Prime Minister of Barbados Owen Arthur (left) gives Prime Minister of St. Vincent and the Grenadines Ralph Gonsalves (third left) a playful pat on the head while fellow Heads of Government, Jamaica's Prime Minister P.J. Patterson (third right); Surinamese President Ronald Venetiaan (second right) and St. Lucia's Prime Minister Kenny Anthony (partially hidden) look on during yesterday's ceremonial inauguaration of the Caricom Single Market held at the University of the West Indies (Mona) Visitor's Lodge. Also present is CARICOM Secretary General Edwin Carrington (right). - RUDOLPH BROWN/CHIEF PHOTOGRAPHER
CARIBBEAN HEADS of government yesterday took the historic step of formally signing the document for implementation of the CARICOM Single Market (CSM), a move towards greater regional unity.
Speaking yesterday at the signing, held on the Mona campus of the University of the West Indies, the leaders stressed the importance of the moment which makes CARICOM only the second regional grouping in the world, after the European Union, to form a single market.
LET'S STAY TOGETHER
Borrowing from the lyrics of Bob Marley's One Love CARICOM Secretary-General Edwin Carrington insisted, "Let's get together and feel all right, I say let's stay together and be all right."
Jamaica's Prime Minister P.J. Patterson said the signing was a moment at which Caribbean people "can take considerable pride" and that the single market would make the region stronger in international trade and negotiations and increase economic growth and employment.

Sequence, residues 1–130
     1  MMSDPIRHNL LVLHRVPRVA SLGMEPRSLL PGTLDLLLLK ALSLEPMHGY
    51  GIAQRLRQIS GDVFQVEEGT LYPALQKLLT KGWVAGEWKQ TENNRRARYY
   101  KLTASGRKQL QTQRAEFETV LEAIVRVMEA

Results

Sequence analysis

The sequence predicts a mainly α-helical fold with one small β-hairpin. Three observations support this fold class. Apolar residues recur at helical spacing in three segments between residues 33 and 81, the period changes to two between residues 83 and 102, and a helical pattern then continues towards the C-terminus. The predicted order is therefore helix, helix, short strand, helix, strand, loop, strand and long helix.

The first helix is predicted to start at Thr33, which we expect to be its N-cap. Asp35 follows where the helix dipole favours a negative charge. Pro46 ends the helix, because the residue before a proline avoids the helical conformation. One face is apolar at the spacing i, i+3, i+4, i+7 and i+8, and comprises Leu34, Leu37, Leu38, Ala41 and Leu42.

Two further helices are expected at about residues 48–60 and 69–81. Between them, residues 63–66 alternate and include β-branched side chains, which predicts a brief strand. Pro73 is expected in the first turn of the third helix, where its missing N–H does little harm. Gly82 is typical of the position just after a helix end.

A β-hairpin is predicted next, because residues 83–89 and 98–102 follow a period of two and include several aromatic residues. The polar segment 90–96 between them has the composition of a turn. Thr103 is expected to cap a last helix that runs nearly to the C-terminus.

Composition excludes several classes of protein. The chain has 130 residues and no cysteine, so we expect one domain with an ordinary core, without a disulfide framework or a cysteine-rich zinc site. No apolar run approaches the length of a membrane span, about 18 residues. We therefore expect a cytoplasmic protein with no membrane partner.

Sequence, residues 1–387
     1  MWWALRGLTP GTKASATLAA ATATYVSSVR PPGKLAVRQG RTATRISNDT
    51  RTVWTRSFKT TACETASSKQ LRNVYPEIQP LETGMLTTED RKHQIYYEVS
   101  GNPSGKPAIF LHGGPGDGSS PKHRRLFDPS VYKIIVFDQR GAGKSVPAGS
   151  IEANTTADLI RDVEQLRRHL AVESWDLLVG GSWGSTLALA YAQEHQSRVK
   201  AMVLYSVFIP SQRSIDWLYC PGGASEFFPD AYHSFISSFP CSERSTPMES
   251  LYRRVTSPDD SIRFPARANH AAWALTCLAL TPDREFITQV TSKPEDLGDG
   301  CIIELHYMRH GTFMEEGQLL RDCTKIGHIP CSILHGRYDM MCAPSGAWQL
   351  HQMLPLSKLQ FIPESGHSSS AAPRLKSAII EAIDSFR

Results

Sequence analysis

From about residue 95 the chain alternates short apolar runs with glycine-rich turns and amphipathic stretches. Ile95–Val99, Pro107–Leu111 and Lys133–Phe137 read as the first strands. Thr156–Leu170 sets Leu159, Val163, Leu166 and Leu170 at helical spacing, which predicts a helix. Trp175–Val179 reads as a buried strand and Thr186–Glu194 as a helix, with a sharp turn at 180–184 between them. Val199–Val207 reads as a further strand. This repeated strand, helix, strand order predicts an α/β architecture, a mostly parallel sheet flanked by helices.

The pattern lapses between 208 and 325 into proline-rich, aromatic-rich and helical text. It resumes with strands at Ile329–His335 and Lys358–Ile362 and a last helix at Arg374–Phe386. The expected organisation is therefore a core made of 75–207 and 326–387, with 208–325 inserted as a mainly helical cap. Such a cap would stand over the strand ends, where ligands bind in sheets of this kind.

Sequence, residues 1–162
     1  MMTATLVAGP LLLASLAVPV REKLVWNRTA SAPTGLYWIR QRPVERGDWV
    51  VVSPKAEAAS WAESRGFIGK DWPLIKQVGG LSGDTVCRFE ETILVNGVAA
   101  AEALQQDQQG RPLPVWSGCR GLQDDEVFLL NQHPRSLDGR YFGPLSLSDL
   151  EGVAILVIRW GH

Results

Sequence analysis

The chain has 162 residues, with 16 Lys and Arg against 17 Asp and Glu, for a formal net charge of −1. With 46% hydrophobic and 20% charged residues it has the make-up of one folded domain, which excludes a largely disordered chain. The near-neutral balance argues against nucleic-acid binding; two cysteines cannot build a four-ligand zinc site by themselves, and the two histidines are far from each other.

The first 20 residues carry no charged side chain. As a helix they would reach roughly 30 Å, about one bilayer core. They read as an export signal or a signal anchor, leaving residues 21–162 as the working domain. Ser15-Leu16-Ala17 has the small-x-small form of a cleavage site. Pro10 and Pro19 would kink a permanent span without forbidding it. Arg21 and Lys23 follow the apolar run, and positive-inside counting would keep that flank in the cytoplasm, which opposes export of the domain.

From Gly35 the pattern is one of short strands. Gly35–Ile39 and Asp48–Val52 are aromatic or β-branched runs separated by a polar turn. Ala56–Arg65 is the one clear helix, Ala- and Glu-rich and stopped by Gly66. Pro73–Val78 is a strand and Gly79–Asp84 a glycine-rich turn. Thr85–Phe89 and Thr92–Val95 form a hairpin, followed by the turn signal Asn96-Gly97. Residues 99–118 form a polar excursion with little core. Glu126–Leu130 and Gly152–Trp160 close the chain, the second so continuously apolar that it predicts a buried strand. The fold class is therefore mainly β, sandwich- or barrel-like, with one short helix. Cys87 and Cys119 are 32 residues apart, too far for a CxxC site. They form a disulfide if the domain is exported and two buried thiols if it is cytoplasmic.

Although the CSM formally began on January 1 with six countries on board including Jamaica, the six Organisation of Eastern Caribbean States (OECS) are yet to sign.
Yesterday they signed a declaration of intent to join the CSM by the end of June.
The process which began with the CSM and its removal of barriers to trade, goods, services and several categories of labour will conclude with the implementation of the CARICOM Single Market and Economy (CSME) by the end of (CSME) by the end of 2008. The CSME will involve a single currency and the harmonisation of economic policy.
But cautioned Mr. Patterson: "Formidable challenges still exist as we move boldly forward in the pursuit of closer regional collaboration, within a global economy that is admittedly hostile to the interests of small island developing nations."
He warned that incompleteness of membership and bureaucracy in key economic areas, "... diminishes the attractiveness of the region as an economic partner."
Speaking for the OECS, Prime Minister of St. Vincent and Grenadines, Ralph Gonsalves, said the sub-grouping had consistently supported regional integration but as smaller countries needed more time to complete the relevant legislation and for the CSM bureaucracy to be fully operational.
"We will not be coming to the rearguard but the vanguard," insisted Mr. Gonsalves referring to the signing, scheduled for June 18 of the OECS' Economic Union Treaty, on the occasion of the sub-grouping's 25th anniversary to assist its joining of the CSM.
Countries who joined on January 1:
Jamaica, Barbados, Belize, Guyana, Suriname and Trinidad and Tobago.
Countries to join by June 30:
Antigua and Barbuda, Dominica, Grenada, St. Kitts and Nevis, St. Lucia and St. Vincent and the Grenadines.